Healthcare Compliance in the New Normal: Part 1

August 12, 2020 Marcy Utley

A recent panel discussion I moderated with two compliance officers shed light on how they are meeting the challenges of healthcare compliance through the COVID-19 pandemic and how it is shaping future plans for their organizations.

Our speakers were Tina Tolliver, Chief Compliance, Ethics & Risk Officer/Privacy Officer at Millennium Healthcare and Mark Nue, Compliance & Privacy Officer at Alta Hospitals Systems. Here are some excerpts from the discussion, highlighting their insights on two of our polling questions.

 


Our first audience polling question: What is your number one personal challenge currently?

What is your top personal challenge during the pandemic?


Tina Tolliver: We're not working in the 8-to-5 environments anymore. And so we find ourselves working at all hours of the day at all times. Where is that fine line that we're trying to separate ourselves from? Even on the increased workload part, I know that it's at that 33 percentiles. The Health Care Compliance Association and the Society for Corporate Compliance and Ethics (SCCE) did a survey in June of over 300 compliance professionals, and the summary came back and said the two worrying signs that they had were budgets and the increase in inquiries. 

This is a challenging time. And so, when do you, again, balance that workload? When do you work and when do you kind of relax? And I think that's something that we're still struggling with.

Mark Nue: The word balance incorporates all the previous selections because when does work start and end is a blurry line now. Where physically leaving your office would give you that shift, now it's a matter of walking out of a space that you would normally use, personally, anyway.

And the other piece is, perhaps, sharing a workspace with someone else working from home that wasn't always there. I didn't realize how accustomed I became to working alone in the office. The smallest sound, I would be looking at it trying to figure out what’s that about? So, learning how to work on my focusing skills became readily necessary.

 


Second polling question: Has the impact of COVID-19 caused a reduction (layoffs) in your compliance staff?

Has COVID-19 caused a layoff in compliance staff?

 


Marcy: Mark, have you had to navigate layoffs and changes to your team’s structure? 

Mark Nue: We're in the last category at 69% so far because we have had furlough days and PTO, and it's not reduction on a permanent basis. But it is sort of slowing things down to help accommodate the financial stress the organization is going through. And this has been at all levels of the organization. Not just compliance.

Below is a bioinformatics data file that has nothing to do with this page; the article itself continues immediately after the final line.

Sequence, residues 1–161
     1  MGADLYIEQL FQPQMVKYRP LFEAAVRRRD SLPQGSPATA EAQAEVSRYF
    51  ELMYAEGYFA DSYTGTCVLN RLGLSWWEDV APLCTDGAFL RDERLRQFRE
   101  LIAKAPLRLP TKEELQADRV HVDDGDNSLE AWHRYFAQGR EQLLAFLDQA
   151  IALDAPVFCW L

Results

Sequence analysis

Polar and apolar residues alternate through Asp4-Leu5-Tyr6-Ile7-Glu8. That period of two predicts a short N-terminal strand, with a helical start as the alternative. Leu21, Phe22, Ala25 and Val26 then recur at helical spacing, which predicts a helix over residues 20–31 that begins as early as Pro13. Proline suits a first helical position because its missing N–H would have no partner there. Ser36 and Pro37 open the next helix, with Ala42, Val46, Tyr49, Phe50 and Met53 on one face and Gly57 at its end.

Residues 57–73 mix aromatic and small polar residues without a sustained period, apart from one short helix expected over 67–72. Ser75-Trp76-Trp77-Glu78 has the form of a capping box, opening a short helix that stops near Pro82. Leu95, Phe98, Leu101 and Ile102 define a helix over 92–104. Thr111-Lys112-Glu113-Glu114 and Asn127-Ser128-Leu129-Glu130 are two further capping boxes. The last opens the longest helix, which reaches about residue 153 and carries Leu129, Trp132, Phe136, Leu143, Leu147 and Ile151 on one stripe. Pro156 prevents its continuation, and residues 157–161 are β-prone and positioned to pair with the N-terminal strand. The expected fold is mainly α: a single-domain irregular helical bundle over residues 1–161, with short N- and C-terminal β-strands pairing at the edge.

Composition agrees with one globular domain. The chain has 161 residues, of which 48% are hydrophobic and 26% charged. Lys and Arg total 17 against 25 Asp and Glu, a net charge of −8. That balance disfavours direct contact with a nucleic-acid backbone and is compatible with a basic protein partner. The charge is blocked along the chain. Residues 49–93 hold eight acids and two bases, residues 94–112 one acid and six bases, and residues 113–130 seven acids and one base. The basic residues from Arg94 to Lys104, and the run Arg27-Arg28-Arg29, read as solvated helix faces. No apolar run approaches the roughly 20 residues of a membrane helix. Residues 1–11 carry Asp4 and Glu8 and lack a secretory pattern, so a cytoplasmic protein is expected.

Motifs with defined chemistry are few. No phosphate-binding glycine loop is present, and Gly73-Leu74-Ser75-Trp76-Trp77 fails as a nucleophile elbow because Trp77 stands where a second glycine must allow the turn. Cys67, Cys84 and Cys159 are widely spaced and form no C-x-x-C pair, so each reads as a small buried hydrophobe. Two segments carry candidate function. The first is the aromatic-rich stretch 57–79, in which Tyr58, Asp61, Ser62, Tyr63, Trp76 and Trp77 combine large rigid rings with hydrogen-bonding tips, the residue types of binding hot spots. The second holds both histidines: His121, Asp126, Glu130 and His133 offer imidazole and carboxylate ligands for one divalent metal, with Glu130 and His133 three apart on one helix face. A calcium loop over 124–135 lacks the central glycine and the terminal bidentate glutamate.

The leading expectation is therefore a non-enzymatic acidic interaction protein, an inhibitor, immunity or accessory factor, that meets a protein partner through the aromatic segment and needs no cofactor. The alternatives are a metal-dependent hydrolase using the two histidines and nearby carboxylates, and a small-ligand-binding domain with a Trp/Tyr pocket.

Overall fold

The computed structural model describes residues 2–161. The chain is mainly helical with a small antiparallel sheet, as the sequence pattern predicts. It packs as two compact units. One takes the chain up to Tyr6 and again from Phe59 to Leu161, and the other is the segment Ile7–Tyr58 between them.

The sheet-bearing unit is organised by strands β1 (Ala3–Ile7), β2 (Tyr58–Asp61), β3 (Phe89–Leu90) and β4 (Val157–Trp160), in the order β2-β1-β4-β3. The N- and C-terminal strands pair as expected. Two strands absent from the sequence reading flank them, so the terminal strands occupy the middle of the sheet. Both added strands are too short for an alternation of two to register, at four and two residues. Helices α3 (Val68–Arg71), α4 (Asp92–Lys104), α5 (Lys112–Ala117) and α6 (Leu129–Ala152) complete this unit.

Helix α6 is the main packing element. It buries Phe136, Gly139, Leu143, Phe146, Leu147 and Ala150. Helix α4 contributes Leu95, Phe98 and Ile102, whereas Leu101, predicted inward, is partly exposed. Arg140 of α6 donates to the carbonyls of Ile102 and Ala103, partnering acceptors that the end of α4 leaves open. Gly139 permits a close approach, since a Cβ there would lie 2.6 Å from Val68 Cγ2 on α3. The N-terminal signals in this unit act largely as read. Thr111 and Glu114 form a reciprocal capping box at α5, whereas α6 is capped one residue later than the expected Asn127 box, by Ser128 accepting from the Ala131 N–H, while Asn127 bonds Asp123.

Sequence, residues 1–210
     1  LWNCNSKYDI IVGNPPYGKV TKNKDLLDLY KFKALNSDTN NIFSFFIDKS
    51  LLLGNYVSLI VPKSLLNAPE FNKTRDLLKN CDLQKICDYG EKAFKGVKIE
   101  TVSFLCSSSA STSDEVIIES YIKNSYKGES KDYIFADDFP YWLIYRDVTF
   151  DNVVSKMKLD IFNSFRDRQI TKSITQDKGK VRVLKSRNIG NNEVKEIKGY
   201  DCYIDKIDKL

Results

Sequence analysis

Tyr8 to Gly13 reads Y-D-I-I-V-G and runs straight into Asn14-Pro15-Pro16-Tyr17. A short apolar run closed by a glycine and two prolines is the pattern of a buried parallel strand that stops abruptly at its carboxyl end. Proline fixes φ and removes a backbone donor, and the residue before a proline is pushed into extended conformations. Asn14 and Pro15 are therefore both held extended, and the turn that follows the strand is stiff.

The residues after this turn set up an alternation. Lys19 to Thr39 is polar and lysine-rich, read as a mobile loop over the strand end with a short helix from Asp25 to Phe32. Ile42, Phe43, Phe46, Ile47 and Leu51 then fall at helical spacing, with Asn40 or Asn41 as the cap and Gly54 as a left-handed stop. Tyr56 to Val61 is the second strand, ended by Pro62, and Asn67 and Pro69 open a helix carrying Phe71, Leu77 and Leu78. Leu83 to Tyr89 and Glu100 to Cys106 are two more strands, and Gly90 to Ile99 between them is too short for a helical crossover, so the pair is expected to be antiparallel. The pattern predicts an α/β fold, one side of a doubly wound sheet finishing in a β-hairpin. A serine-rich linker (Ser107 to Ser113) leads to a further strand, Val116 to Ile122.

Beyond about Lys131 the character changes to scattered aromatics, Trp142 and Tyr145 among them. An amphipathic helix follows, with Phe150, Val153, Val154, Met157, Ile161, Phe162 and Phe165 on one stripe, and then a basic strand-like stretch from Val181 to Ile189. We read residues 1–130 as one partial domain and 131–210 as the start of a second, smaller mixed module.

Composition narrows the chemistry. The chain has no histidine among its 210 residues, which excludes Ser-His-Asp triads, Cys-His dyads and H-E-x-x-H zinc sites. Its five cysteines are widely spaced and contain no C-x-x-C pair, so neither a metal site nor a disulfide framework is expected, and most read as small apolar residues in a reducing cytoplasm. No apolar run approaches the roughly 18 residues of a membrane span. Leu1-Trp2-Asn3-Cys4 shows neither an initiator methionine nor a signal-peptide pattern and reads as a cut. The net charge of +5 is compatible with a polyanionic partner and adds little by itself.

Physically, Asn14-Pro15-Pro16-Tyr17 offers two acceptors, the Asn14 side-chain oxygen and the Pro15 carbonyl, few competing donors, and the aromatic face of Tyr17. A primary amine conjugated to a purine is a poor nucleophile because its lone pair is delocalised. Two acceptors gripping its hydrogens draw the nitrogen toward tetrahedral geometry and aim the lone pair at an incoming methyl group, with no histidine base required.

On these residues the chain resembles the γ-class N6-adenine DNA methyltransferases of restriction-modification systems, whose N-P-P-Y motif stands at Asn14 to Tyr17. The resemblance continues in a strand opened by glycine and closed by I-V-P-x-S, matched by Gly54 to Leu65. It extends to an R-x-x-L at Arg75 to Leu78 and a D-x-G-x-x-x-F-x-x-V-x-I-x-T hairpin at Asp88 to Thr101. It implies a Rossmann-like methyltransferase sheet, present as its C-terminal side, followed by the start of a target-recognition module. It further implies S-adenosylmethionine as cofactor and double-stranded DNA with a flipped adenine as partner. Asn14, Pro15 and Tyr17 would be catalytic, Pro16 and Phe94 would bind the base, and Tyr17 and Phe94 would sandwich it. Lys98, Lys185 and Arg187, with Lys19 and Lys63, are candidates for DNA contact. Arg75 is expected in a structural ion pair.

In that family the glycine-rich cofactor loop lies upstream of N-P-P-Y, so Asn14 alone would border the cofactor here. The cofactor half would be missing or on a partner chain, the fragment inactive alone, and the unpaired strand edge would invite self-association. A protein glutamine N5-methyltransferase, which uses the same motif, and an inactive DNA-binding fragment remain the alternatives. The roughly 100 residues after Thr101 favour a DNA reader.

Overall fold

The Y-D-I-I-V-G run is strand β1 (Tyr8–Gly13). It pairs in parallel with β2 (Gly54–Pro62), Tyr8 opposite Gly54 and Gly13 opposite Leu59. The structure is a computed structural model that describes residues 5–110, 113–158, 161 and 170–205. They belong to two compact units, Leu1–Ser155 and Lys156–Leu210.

But our other safeguarding departments of audits and revenue integrity and different folks who aren't direct caregivers, everyone's got to give what they can. Our organization has taken the approach of, let's try not to have any reductions in workforce unless they're necessary. And we'll try the furlough piece to the extent we can. And what we don't know, we don't know.

Marcy: Tina, what are you seeing in your area?

Tina Tolliver: We have a completely different picture. We had to reduce by about 33%. So that impacted my department ever so much. We had to retool some of our policy procedure management individuals and had to shift that work. Our incident management team was converted over to now having to process all the COVID incidents coming through, and we were being inundated with those.

A lot of the work that we were already doing was now in higher demand and coupled with some of the other incidents that were coming through because of the COVID-19 situations. We've been working hand-over-fist with each other and just trying to navigate to who's going to do what on which day. And, we're cross-training ourselves more and more. But what do you do? You dive in, and you get it done.

We're wondering, again, what we can place on hold. Some of the things we were normally doing would be some of our risk assessments and policy and procedure reviews and things like that – that we had to put on the back burner.

But at the same time, you have to prioritize, and almost risk-rank your work. And so that's kind of what I had to do from a leadership standpoint is just determine what we can get by with to be able to get through this period of time. It wasn’t easy. One of the things that I did is put together a quick way to have those high-end policies and procedures at the ready.

So, I could distribute them, or provide them when people ask for them. I was trying to be more of a responsive resource, as opposed to saying go out there and find it. Again, people are on edge and need to get to certain information.